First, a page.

The perianal skin requires some special attention after surgery as it is a highly innervated area (it’s got a lot of nerve endings) and you have to keep using it!

In addition, it is clearly impossible to keep the area sterile. The body is good at healing this area of skin in spite of the above constraints however the advice below may prove useful:

Care of the wound

The aim is to keep the surgical wound socially clean, it can never be sterile. After a bowel motion, use babies “Wet Wipes” to clean up and dab the skin dry with toilet tissue, don’t rub!. Place a dry absorptive gauze dressing or panti-liner inside your undies to keep clean.

How long will it take to heal?

Infection is uncommon in perianal wounds however healing is relatively slow. Frequently wounds will be left open to heal without stitches, as stitching a wound will lead to infection. Wounds, while open, will weep a small volume of serous or slightly blood stained fluid until healing is complete. This may take up to four weeks. Itching in the healing wound is common but resist the temptation to scratch, although it gives temporary relief it makes it worse shortly after!

Pain and how to minimise it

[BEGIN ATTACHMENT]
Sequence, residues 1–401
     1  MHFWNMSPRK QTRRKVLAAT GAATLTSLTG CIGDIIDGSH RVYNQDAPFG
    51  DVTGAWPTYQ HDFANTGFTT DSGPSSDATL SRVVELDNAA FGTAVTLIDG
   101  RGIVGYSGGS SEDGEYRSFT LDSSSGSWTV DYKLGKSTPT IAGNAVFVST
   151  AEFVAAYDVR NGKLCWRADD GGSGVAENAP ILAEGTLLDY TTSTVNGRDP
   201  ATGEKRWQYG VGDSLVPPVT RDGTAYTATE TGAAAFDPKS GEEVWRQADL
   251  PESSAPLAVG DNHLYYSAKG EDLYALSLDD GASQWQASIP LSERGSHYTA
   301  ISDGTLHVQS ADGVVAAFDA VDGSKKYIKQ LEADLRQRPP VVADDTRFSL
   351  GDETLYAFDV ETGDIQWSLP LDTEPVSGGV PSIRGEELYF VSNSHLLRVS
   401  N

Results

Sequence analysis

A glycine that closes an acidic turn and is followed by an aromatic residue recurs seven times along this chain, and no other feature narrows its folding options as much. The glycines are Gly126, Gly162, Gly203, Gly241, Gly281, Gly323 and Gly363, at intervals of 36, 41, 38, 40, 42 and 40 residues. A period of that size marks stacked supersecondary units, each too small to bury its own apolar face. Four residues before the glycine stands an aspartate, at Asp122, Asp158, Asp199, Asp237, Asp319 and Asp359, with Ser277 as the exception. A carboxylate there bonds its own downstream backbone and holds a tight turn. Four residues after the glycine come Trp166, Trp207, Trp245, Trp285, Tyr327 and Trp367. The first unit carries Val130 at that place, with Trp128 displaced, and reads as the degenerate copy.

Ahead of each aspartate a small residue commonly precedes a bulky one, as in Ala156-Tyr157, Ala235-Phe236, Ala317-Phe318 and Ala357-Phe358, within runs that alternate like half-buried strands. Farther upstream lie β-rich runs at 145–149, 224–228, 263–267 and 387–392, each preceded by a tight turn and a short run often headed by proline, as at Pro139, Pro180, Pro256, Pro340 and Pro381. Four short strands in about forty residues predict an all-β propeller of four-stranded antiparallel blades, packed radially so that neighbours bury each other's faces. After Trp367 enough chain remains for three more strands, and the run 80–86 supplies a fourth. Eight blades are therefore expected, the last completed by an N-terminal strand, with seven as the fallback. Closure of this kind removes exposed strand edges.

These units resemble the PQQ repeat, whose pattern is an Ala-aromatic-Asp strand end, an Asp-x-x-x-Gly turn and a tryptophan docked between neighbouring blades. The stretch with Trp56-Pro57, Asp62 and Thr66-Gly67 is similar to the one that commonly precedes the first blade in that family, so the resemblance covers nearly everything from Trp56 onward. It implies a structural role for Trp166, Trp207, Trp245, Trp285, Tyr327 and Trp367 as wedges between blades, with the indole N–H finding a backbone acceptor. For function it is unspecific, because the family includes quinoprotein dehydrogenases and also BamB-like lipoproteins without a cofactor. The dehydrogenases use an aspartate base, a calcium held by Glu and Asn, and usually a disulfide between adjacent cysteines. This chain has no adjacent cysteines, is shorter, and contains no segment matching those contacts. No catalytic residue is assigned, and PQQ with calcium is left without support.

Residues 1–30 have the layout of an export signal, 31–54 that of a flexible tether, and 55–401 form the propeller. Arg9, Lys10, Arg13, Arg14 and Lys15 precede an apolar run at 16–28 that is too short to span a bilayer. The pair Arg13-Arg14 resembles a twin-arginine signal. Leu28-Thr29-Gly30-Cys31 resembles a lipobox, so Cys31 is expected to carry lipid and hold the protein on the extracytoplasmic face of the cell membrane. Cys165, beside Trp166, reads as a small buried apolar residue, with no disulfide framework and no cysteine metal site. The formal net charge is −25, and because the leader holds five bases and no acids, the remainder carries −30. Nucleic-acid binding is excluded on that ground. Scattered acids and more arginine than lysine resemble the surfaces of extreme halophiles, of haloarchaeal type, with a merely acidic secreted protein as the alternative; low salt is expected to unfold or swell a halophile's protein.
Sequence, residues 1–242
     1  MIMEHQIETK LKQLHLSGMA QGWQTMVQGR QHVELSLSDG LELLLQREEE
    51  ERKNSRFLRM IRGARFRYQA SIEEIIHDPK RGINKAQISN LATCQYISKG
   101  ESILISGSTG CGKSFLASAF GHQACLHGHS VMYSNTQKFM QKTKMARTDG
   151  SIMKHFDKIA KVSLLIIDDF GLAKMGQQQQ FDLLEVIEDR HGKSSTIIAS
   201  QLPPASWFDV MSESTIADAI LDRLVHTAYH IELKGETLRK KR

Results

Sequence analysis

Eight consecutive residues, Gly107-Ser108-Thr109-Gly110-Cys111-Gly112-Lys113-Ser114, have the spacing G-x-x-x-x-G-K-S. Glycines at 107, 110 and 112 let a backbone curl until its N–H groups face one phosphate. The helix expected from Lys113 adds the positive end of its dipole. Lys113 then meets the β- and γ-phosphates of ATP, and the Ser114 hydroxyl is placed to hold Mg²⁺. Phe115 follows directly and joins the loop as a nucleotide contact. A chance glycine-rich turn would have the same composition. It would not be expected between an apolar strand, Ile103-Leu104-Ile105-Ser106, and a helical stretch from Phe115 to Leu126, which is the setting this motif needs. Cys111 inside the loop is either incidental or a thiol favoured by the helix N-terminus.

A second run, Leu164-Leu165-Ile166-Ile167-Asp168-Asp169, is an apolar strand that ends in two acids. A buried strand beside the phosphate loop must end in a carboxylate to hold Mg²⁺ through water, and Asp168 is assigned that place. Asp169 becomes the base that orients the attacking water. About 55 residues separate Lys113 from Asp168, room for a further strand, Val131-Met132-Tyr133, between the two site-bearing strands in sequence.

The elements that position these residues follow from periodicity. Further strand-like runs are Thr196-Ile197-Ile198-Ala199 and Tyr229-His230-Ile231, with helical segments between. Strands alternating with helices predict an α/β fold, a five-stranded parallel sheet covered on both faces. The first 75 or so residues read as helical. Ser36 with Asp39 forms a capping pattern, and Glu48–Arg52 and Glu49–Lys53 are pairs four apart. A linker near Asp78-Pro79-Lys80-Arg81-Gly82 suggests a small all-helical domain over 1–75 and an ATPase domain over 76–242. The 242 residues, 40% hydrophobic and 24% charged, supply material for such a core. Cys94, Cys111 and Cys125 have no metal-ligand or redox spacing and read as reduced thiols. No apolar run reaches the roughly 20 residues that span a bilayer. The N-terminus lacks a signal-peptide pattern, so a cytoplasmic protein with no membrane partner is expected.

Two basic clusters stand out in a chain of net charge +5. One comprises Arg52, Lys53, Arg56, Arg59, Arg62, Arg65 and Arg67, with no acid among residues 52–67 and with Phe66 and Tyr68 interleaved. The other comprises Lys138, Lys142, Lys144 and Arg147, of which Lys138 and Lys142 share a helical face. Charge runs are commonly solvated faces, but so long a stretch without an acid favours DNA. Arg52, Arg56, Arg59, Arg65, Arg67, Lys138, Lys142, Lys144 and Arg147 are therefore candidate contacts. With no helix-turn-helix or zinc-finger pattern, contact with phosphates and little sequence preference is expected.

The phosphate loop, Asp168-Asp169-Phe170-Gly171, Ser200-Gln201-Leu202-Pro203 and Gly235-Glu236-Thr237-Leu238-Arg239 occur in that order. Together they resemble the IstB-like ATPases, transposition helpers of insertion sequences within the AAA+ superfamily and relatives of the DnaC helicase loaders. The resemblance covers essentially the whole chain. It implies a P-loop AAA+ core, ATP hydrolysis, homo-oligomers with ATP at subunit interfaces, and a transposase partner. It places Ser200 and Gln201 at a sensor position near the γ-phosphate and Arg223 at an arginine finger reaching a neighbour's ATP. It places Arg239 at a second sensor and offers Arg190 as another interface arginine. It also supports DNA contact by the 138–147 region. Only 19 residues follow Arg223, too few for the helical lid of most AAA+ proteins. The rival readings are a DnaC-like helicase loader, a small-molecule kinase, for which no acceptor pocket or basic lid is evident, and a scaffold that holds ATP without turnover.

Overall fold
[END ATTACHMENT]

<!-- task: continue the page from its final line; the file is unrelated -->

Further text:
Take medication regularly (usually 1gm of paracetamol 6 hourly and an anti-inflammatory or Tramadol). Sit in a warm bath or hop in the shower after a bowel motion or if the pain is not relieved by the medication you have been given. Some local anesthetic (lignocaine gel) is useful for temporary relief and is applied to the wound under a gauze square.

Keep your bowels working!

Make sure you don’t get constipated after surgery. Natural laxatives include kiwi fruit or processed variants (Kiwi crush or Necta) and magnesium salts 150 to 400mgs daily. If needed take some extra fibre as Konsyl-D or Metamucil, or a gentle laxative such as Lactulose.

More information needed?

“Informed consent for surgery is a process not a piece of paper”! The expected outcome of surgery (return to health) must be weighed against the small chance of an adverse outcome or complication. If you require more information on any aspect of your condition or proposed treatment please make an appointment to discuss your concerns.

Useful websites

www.cssanz.org

www.fascrs.org

www.acpgbi.org.uk